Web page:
30+ Book Nerd Delights

book nerd, book bucket list,

How many of these do you want to do? Have many have you done? 

Create a hidden room behind a book shelf.

Take a photo of a book title that perfectly epitomizes your day and share on social media.

Read in a cozy retreat like a hammock, tent, yurt, tree fort, whatever sounds cozy to you.

Pay attention to Library Angels. This is the name given to reading materials you aren’t looking for that somehow appear in your life and turn out to be exactly what you need. Here’s a peek at the strange history of book synchronicity.

Regularly exult in the wonder of libraries. In case you’re not aware, library drinking fountains dispense magic water. Really, try it.

When traveling, make a point of visiting an area library. For incentive, here are some of the world’s most beautiful libraries.

Leave a Post It note to the next reader of a library book.  Maybe a simple, “Dear Next Reader, I hope you enjoy this book as much as I did.  warmly, Previous Reader.”

Name a child after a literary character or author. There are plenty of lists online like FlavorwireMomJunction, and Babble but chances are, your name and the names of your family members have probably already shown up in literature. Just do a search for “name fictional character.” (My kids’ names are found in the classics, in Star Wars, and in video games although we actually chose names that seemed wise and gentle.)

Bestow literary names elsewhere in your life. When I was a kid, my pink bike was named after a fictional horse. Over the years we’ve given cows, chickens, and dogs some lofty monikers. I tend to name things around the house too, like our vacuum and our kefir starter…

As you read, drink what the characters are drinking in the book.  Local microbrew with Bill McKibben’s Radio Free Vermont, gin with Anne Patchett’s Commonwealth, locally made wine with any of the Inspector Bruno mystery series by Martin Walker, Prosecco  with Elena Ferrante’s Neopolitan series of novels, hot chocolate mixed with a hint of hot pepper with Laura Esquivel’s Like Water for Chocolate.

Start or join a book club. If you have time, don’t limit yourself to one.

Indulge in poetry-infused movies and movies about writers.

Savor quotes from your favorite books by copying them onto a plate or mughand printing them on a scarf, or writing them on a shirt using a bleach pen.

Go to book fairs. They’re available in every state of the U.S.  and around the world.

Reread a favorite childhood book to figure out how it shaped your life. (I’m pretty sure The Secret Garden saved me.)

Go to a workshop offered by an author you admire.

Go through a book shelf and donate high quality volumes you no longer want to your local library or an area women’s shelter. Or ship them to Books for SoldiersBooks for Africa, or Reader to Reader. (Huzzah, you’ve just given yourself space for more books.)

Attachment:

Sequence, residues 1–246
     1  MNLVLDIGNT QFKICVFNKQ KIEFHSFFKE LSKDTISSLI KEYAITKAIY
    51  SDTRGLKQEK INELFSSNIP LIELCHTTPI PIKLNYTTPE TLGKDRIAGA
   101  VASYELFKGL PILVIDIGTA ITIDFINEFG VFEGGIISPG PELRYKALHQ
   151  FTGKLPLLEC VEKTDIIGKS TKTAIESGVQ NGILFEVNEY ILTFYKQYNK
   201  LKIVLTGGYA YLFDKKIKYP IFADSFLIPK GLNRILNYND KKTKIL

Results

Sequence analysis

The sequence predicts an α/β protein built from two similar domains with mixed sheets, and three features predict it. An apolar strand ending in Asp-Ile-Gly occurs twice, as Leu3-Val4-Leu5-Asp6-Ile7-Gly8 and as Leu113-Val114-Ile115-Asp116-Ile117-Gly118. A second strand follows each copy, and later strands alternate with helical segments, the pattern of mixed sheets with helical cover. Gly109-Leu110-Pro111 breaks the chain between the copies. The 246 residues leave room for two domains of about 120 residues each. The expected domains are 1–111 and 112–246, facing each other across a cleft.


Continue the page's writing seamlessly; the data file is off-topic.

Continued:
Try the read and release method with BookCrossings. Once you’ve read and enjoyed a book, simply go online to print out a label, then leave your book in a public place like a coffee shop, playground, or waiting room. The label assures others the book is free to anyone interested. The label also contains a code so readers can track and follow books as they are read, discussed, and released again elsewhere in the world. Currently, nearly 12 million books are traveling through 132 countries.

Make a composition book cover or try simple bookbinding.

Read under a tree or in a tree or anywhere in nature that inspires you.

Stay up all night to finish a book.

Buy a copy of a book you appreciated and send it to a friend, just because. Do this often.

Whenever possible, buy your books from local brick and mortar bookstores. And get to know the people who work there, they’ll have excellent book suggestions. (But beware. I was thrilled to see a bookstore open not far from me. Although it quacks like a bookstore, it doesn’t act like one. It has lots of local authors and locally made bookish crafts with a token array of bestsellers, but it turns out the owner charges “partners” a non-refundable application fee of $75 to have their book or products sold there for a limited period of time. I cannot imagine what will happen to authors if such a model becomes commonplace.)

When you buy books online, consider steering your dollars to an ethical business or non-profit like Better World Books  or Biblio.

Eat what characters are eating in the book. Thick inviting sourdough bread while reading Sourdough by Robin Sloan, hot fish and corn muffins while reading Their Eyes Were Watching God by Zora Neale Hurston, authentic bird’s nest soup while reading The Wangs vs. the World by Jade Chang,  peanut butter bar cookies topped with chocolate while reading Kitchens of the Great Midwest  by J. Ryan Stradal, nachos with cheese sauce while reading The Nix by Nathan Hill, a hearty sandwich of the sort served at The Bistro, in nearly any of Louise Penny’s Chief Inspector Gamache Series (sign up here to get a free download of Three Pines recipes).

Read in the tub. Or a pool. Or the ocean.